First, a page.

It can be entered through two gates, both once used by carriages. The façade is decorated with pilasters above which a triangular tympanum with Działyński family's coat of arms. An attic covering a mansard roof is filled with relief ornaments from the beginning of the 19th century, representing mythological scenes, and there are a panoply and a figure of a pelican. The most splendid room in the palace is Red Hall whose windows open to a wide balcony at the front façade. The palace houses Polish Academy of Sciences and a branch of Kórnik Library.

Former Jesuit College

Former Jesuit College

The Jesuits arrived in Poznan at the end of the 16th century and just a few years later they opened their first college which was granted academic privilege by King Sigismund III. The existing building was erected in the 18th century. Originally it was horseshoe-shaped but its eastern wing was enlarged in the middle of the 18th century creating a façade at Kolegiacki Square, and the courtyard was closed from the north with a 1-storey building with a gate, over which a tower was built. In the 19th century a small risalit with an entrance from the courtyard's side was added, and then at the beginning of the 20th century another building along Za Bramką Street. It once was linked with St Stanislaus' Chruch.

The college, nowadays housing Municipal Council, is covered with a gable roof and its elevations are decorated in Baroque and Neo-Baroque style. On the courtyard there is a statue "Maternity".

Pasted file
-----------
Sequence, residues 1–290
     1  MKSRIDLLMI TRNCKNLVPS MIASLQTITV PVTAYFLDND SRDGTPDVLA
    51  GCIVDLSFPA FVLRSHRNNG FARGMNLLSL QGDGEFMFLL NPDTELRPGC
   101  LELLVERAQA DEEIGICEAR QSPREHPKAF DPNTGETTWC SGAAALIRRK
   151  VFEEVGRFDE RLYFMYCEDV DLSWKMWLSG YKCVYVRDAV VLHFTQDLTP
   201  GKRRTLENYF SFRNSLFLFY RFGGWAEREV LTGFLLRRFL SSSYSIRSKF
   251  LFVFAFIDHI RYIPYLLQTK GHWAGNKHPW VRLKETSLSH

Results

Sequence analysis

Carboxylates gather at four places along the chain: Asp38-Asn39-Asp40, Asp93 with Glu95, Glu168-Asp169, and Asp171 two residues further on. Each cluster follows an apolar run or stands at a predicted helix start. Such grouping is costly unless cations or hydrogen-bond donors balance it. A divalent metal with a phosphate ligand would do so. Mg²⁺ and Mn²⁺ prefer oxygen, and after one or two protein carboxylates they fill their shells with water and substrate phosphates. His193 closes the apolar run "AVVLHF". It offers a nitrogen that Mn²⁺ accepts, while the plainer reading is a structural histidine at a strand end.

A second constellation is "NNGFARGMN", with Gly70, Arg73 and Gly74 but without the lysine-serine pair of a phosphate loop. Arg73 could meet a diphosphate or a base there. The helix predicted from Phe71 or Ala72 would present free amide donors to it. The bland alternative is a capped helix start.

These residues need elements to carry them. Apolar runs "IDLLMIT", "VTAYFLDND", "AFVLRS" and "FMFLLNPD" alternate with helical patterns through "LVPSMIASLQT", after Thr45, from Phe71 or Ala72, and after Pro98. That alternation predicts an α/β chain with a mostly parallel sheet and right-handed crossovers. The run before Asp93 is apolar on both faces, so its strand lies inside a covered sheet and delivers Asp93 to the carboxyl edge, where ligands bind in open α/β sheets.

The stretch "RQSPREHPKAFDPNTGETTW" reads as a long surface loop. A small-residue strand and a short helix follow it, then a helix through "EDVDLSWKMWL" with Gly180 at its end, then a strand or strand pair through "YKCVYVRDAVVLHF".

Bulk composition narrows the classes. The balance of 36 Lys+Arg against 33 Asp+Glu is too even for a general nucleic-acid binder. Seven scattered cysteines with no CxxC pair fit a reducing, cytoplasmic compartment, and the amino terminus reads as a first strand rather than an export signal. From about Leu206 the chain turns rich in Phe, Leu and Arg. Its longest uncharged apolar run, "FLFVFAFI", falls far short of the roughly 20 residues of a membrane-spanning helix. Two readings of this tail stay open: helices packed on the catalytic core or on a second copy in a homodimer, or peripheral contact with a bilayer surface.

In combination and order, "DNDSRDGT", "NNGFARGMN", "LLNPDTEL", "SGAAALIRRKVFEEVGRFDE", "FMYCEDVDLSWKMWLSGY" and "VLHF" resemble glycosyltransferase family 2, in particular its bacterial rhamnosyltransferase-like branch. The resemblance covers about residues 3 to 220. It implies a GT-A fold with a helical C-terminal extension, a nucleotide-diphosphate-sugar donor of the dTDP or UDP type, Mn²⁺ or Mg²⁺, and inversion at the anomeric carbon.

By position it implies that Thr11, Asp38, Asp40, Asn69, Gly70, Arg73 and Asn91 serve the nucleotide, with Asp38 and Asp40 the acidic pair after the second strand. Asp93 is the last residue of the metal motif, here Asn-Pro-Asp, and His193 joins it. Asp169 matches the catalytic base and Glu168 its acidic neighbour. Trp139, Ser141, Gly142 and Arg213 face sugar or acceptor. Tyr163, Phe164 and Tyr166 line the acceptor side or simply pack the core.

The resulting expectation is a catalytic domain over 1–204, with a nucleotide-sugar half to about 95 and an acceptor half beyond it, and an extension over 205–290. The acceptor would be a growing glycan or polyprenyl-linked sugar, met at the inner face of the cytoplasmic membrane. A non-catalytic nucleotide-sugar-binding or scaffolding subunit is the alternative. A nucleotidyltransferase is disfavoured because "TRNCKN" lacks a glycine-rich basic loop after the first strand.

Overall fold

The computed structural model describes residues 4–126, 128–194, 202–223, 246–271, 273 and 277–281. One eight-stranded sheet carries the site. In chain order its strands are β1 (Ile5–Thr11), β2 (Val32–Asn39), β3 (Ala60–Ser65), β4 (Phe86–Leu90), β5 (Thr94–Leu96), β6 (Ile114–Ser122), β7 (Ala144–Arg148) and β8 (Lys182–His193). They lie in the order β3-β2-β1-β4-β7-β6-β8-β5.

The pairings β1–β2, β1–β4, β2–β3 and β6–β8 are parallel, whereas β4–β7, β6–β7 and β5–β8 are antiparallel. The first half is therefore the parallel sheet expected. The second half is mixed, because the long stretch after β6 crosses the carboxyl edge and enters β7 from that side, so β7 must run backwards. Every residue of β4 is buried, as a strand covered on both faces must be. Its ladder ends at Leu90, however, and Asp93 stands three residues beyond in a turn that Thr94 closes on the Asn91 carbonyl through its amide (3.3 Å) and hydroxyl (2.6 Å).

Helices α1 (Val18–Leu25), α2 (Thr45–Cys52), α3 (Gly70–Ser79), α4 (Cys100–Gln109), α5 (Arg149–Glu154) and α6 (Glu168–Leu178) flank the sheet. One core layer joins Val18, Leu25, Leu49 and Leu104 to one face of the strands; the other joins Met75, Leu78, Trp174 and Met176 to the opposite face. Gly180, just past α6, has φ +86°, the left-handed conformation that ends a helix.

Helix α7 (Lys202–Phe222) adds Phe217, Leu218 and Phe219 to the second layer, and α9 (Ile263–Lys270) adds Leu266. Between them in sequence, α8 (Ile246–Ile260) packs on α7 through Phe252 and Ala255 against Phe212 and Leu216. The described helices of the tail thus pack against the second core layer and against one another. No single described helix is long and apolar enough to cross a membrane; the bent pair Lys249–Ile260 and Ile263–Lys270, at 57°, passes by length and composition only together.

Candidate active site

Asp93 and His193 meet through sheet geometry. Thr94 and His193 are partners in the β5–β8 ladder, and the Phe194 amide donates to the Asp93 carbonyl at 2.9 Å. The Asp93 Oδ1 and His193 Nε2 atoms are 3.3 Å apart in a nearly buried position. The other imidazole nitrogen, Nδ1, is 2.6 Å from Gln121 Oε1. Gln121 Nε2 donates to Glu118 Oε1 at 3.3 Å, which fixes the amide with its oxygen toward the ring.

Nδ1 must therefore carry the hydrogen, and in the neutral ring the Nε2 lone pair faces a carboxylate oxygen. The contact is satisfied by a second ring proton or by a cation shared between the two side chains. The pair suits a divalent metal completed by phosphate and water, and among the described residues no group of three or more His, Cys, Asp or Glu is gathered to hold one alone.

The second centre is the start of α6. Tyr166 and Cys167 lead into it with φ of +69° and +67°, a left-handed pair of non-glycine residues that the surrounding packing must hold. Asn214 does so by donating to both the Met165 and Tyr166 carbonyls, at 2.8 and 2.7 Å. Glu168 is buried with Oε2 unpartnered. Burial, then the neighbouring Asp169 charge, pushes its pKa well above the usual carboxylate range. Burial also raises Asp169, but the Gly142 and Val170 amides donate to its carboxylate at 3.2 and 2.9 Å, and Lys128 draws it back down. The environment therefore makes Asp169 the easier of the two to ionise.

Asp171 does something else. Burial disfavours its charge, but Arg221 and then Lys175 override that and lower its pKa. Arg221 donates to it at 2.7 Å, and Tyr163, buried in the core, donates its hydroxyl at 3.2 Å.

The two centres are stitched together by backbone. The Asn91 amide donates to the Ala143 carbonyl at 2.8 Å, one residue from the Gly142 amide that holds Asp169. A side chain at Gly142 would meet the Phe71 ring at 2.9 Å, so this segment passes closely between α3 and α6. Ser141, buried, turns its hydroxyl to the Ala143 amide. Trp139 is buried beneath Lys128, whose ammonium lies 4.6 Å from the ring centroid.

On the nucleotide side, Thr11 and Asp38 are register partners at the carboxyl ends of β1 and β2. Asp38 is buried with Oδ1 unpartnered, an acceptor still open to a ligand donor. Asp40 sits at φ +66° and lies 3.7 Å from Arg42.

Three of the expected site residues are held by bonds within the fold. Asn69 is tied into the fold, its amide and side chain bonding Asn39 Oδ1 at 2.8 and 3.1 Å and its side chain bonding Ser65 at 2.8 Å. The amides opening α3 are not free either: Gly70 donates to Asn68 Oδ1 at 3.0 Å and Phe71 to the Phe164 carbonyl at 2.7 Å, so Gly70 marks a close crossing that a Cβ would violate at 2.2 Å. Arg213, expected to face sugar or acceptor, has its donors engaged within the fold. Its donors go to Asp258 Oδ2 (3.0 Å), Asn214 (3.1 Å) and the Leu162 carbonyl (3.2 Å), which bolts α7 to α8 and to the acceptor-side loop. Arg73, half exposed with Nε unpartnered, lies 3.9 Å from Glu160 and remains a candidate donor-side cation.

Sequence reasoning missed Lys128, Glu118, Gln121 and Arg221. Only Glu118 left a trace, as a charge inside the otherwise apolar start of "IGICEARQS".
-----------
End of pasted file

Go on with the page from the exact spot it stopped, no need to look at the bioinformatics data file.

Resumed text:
Górka Palace

Górka Palace

It is situated in the south-eastern corner of the Old Market Square. The original building was totally destroyed during World War II and reconstructed in 1960s. In its 17th and 18th-century forms, were uncovered Renaissance arcades on the patio. One of the few original elements is a richly ornamented Renaissance sandstone portal, leading to the patio from Klasztorna Street. The portal at Wodna Street is reconstructed.

The first building was erected in the 1540s, joining a few Gothic houses and adding Renaissance ornaments. The pride of the palace was a small cloister. Its owner supported Reformation, thus their residence became a local centre of Lutheranism. After the last Górka family member died the palace changed owners a few times and it finally became a city property, then it was sold to Benedictine Sisters. After the convent was liquidated in 1803, it was turned into a middle girls' school and at the end of the 19th century it was remodelled into a tenement house.

Today it houses the Archaeological Museum. It is one the oldest and biggest archaeological museums in Poland, established in 1857. It has permanent exhibitions showing Great Poland's pre-history and the beginning of Polish statehood.

Royal Castle

Royal Castle

The castle is situated on Przemysł Hill and its history dates back to 13th century. The construction was started by Great Poland's Prince Przemysł I. At that time outbuildings and a residential brick tower were probably built. As the city of Poznan developed, the castle stood within its fortification walls and was enlarged by Prince Przemysł II and his successors until the first half of the 14th century. It was the biggest secular building in Poland then, consisting of the tower, a pavilion 63m long, 17.5m wide and at least 9m tall, and of a defensive tower on the south side. After the fire in the 16th century the castle was rebuilt by starosta Andrzej Górka in Renaissance style. Subsequent destruction was brought by Swedish wars (the Swedish Deluge and Great Northern War). After the devastation the castle never returned to its magnificence. At the end of the 18th century Kazimierz Raczyński used the southern foundation to build a Classicial, hipped mansard-roofed seat of archive.

In the cellars and on the ground floor, are preserved medieval tunnel-vaulted rooms, and in the north-western wall there is a fragment of the city's fortification wall dating back to the end of the 13th century. At the entrance there is a plaque set in 1783 memorializing the building's construction by Kazimierz Raczyński. It was also rebuilt after World War II and today it houses the Museum of Functional Art.